EDITOR’S NOTE: Last night, reporting on two West Seattle Emergency Communication Hubs participating in a citywide preparedness drill, we mentioned amateur-radio operators’ involvement. A new member of the West Seattle Amateur Radio Club board recently offered this story about who they are, what they do, and how you can get involved; this seems like the perfect time to publish it.
(West Seattle ARC photo – board members, from left: Secretary Lance Rasmussen, K7LER; board position 2, Tom Saunders, N7OEP; vice president Curt Black, WR5J; board position 1, Kayla Ware, KG7PJW; president Ken Iverson, AB7X; board position 3, Jim Edwards, WS7JIM; not pictured, treasurer Dave Hillier, AF7CW)
By Jim Edwards
Special to West Seattle Blog
For those who remember Grandpa down in the basement with a set of headphones on, turning a big radio dial, and think that’s what Amateur Radio is, you’re not alone. But in fact, it is a wide-ranging hobby. If you want to hide in the basement, and do that … it’s still an option. But it’s so much more, that anyone can find an area of interest to explore.
When I got into Amateur radio, I did it for the purpose of expanding the communications available to the West Seattle Parade Committee. With small UHF radios, club members are able to communicate with each other through the club repeater located on a City of Seattle tower near the High Point water tanks. I quickly learned that the West Seattle Amateur Radio Club (WSARC) has one of the best-placed repeaters in the city.
The West Seattle Parade route – at one and a half miles, with a large hill in the middle and increasingly taller buildings lining the street – makes it a difficult situation for radio. Seafair Parade Marshals and the radio club that supports the Seafair Parade Marshals struggle with this growing problem each year. WSARC came to the parade committee a couple years ago with an offer to help. The radio net they set up spans the entire parade route, and helps to bring together all of this communication. I wanted to be a part of that, so I studied and got my license.
There are three levels of licensing in Amateur Radio. Each level opens up more of the radio spectrum reserved for Amateur Radio. Each level requires a greater understanding of radio operation, and the electrical know-how to not get yourself in trouble. The three levels are Technician, General, and Amateur Extra. When I took my General test, one of the youngest members of the WSARC club was also updating her license to General. At 9 years old, she managed to complete the test in half the time it took me. And her two older sisters did it even faster.
What can you do with a radio license? A huge part of the hobby is emergency preparedness. Honing those radio skills is why you go out and volunteer at events like the West Seattle Parade. But beyond that, the hobby has much more, such as:
HF radio: Talking to contacts around the world, for fun, or in contests. You can do this with voice, Morse code, or digital formats. You can bounce signals off the atmosphere, a passing satellite, communicate with the International Space Station, even bounce a signal off the moon.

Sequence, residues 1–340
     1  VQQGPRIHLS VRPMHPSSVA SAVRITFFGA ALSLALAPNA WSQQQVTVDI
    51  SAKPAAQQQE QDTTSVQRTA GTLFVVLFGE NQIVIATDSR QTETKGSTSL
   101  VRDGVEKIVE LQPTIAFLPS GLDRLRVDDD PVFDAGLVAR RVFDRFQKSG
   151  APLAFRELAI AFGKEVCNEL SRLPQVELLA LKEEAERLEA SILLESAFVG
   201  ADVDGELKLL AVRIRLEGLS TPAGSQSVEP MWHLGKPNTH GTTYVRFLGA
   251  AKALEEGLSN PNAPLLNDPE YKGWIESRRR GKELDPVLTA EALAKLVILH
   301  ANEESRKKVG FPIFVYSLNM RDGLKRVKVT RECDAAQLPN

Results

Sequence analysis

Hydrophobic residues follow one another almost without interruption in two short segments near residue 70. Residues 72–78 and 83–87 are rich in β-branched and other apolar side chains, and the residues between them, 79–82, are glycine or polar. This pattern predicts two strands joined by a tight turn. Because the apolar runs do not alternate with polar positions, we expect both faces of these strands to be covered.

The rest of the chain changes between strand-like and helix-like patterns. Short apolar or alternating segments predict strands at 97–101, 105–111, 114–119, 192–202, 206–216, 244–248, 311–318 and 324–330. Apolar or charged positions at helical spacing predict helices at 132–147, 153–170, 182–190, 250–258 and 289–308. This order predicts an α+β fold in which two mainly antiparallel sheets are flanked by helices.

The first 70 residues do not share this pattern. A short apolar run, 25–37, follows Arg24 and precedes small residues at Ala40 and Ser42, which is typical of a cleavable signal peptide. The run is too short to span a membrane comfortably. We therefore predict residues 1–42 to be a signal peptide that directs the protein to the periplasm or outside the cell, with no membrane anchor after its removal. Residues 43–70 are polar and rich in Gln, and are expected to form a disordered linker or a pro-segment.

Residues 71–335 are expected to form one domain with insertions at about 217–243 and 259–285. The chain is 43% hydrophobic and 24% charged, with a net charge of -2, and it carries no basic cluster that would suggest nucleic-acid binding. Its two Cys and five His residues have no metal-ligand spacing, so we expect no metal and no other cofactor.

UHF / VHF: Usually short-range communication, but can be extended with repeaters. With a computer connected to the radio, you can send messages and pictures digitally. With APRS you can set up a radio-based tracking system.
Echolink and IRLP: Through an application on a cell phone or computer, a licensed Amateur can broadcast on radio repeaters around the world via the internet.
Mesh networks: Licensed Amateurs can build their own WiFi computer networks that encompass entire neighborhoods.
You can participate with the Seattle Auxiliary Communication Service. You can help out with West Seattle Be Prepared in disaster preparedness. On any night of the week you can tune into radio nets across the city. You can help produce events like The West Seattle Parade, or any of the Seafair parades around the city. The list of events is endless. The level of expertise varies with the many events. The bottom line is, there is something for everyone.
To get into the hobby, you need to take a FCC test. From time to time, WSARC holds training classes to help you prepare for those tests. And they also have the certified personnel to give the tests too. The filing fee for the test is $15, and the license is good for 10 years. And no, you don’t need to learn Morse Code. The costs of the hobby vary, depending what you want to do. But you can get started with a handheld UHF/VHF radio, for under $50. Currently the FCC shows more than 330 Licensed Amateur operators in the West Seattle area alone.
Membership in the West Seattle ARC is $12 a year. We meet weekly on the air on Mondays at 6:30 PM using the club repeater, W7AW. Each month we gather for breakfast on the 3rd Sunday (this month, that’s May 17th) at 9:30 am, at Young’s Restaurant at 9413 16th Ave SW, just a half block north of Roxbury.
If you would like more information, you can send your inquiries to email@example.com.